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YEAR A: PENTECOST 25
October 23, 2011
Deuteronomy 34:1-12

We jump over almost three books of the Pentateuch for todayís reading. Last week we read of Moses wanting to see Godís glory, only to be hid in the rock and get a glimpse of Godís back, for Godís face Ďshall not be seení (Exod 33:23; see Pentecost 24). After that episode Israel received further law through Moses while at Mt. Sinai, and eventually left the mountain in Numbers 10. Moses led the people quickly to the border of the promised land, but at the report of the spies the people baulked at entering the promised land. They complained and God was angry at them (Numbers 13-14). They were then destined, under Mosesí leadership, to wander a further forty years in the wilderness until the rebellious generation had passed away. Only Moses, Joshua and Caleb remained of that generation.

At the end of Deuteronomy we find Moses, now a very old man, on the east bank of the Jordan with the second generation of the exodus about to enter the land. Moses has been addressing the people at length (Deuteronomy), reinforcing the law and the need for obedience as the way to live in the long awaited land of promise. For Moses, however, there will be no personal experience of this. He, like most of his generation, will not be permitted to enter the land (cf. Deut 1:37; 3:23-29; 32:48-52). But he will be permitted a glimpse of the land and that, together with Mosesí death, is the subject of todayís reading.

The lengthy description of the land in Deut 34:1-3 is meant to impress upon the reader the extent of the land promised by God. If you have stood at the top of Mt Nebo and looked over the Jordan, you will realise that, even on a very clear day, not all that is described would actually be visible to Moses. What he Ďseesí in the story is the fullness of Godís promise, and it is far more than he is able to see literally. Without pushing the analogy too far, this has been the case all along. Mosesí Ďvisioní has been inspired by the spirit of wisdom with which he has been gifted and which he will now pass to Joshua (v. 9) rather than the limits of his own vision. This latter has been clouded at times with his own uncertainty (Exod 33:12-23).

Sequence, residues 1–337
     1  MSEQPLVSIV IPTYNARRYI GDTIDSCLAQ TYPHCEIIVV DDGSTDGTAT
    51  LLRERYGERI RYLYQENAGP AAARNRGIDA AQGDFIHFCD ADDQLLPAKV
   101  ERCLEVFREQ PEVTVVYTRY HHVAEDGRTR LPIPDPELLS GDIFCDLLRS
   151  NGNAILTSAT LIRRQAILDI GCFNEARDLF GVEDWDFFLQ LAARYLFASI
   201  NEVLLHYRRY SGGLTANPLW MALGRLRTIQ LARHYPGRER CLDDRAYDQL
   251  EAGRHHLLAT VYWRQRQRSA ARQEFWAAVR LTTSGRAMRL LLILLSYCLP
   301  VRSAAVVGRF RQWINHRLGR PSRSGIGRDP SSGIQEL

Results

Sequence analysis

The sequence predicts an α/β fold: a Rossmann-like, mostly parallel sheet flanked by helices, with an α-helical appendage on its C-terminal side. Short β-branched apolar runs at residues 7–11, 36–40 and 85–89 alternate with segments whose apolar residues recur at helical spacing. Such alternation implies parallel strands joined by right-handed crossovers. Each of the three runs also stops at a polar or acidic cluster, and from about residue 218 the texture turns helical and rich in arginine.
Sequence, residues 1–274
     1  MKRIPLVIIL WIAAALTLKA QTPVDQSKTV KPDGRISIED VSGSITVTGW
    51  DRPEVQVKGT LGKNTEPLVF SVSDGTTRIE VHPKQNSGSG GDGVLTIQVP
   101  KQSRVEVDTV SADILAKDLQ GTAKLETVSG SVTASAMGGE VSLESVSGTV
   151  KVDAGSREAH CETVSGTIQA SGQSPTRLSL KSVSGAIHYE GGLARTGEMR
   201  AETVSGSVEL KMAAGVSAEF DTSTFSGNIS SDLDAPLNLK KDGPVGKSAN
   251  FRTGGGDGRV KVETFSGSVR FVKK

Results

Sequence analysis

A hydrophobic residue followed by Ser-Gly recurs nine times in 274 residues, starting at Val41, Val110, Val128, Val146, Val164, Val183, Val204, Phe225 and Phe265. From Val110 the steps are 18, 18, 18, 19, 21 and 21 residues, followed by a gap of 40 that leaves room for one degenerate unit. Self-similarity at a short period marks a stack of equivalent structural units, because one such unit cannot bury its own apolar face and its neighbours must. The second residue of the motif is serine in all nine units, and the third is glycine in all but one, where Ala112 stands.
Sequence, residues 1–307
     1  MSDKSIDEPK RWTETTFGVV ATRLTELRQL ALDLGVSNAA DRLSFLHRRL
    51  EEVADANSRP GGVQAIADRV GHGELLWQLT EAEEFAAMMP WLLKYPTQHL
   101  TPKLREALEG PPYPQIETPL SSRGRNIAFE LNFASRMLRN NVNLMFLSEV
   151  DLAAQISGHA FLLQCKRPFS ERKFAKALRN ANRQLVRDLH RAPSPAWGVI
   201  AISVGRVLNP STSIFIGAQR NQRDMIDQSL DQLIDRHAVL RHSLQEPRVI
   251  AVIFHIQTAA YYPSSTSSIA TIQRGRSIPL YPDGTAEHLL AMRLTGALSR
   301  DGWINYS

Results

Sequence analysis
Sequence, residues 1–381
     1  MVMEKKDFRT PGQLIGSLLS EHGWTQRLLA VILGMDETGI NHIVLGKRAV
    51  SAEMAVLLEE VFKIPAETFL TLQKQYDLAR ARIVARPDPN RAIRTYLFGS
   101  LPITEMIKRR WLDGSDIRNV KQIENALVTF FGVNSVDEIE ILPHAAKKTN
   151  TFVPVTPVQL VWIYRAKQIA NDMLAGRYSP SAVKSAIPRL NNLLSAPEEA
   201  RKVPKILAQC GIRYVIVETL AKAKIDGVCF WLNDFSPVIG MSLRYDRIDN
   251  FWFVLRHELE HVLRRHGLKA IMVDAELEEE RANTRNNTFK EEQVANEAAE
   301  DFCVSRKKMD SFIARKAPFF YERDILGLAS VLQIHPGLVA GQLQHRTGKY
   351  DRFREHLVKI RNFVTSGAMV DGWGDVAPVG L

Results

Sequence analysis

Moses is lauded in a number of ways within this passage. Not only is he given a Ďvisioní of Godís gift beyond what he can himself see, he dies and is buried in an unknown grave on the mountain (v. 6). This is a sign of Mosesí special status, a status which he shares in later tradition with Elijah (cf. 2 Kgs 2:1-12; and Matt 17:3 and parallels). His standing is further underscored by reference to his unimpaired sight and unabated vigour, in spite of his age (v. 7). Leaders of renown were considered in the ancient world to be marked by their physical attributes (cf. Saul {1 Sam 9:1-2} and David {1 Sam 16:12}). Finally, we are told that no prophet like Moses has arisen in Israel (cf. Deut 18:15), considering the mighty works he has been involved in, and that the Lord has known him Ďface to faceí (v. 10). But all these wonderful works are in their own way a celebration of the Lordís work through Moses, which is now coming to an end.

Even with such honours, the fact remains that Moses is constrained by the limits of human life and divine decision. He will not be permitted to see the promised land (v. 4). The point is made here (as well as in the stories of Abraham, Isaac and Jacob, mentioned as the recipients of Godís promise of land {v. 4}), that those who lead Godís people, intercede for them and reprimand them when they transgress, the true servants of the Lord (v. 5), do not necessarily see the fulfilment of Godís promise. This may not seem just to us on Godís part, and we may not like to have to live with the mystery of Godís actions, but we should note that Mosesí part in Godís purpose for his people is now over. He has led the people from Egypt and given them the law. They will now have Joshua to follow who will have a different task. They have the law which will guide them in the future as Moses has done in the past. Faith in Israelís God might mean leading his people toward a vision that will, at the end of oneís calling or life, still remain a vision for the future. It will be the task of the leader to prepare the people for that vision, keep it ďvisibleĒ for them and ensure that there are those who are willing to take up the task. It may also be the task of the leader, as in the case of Moses, to die ahead of their people in order that they too may understand that they live under a vision that transcends us all.

Psalm 90

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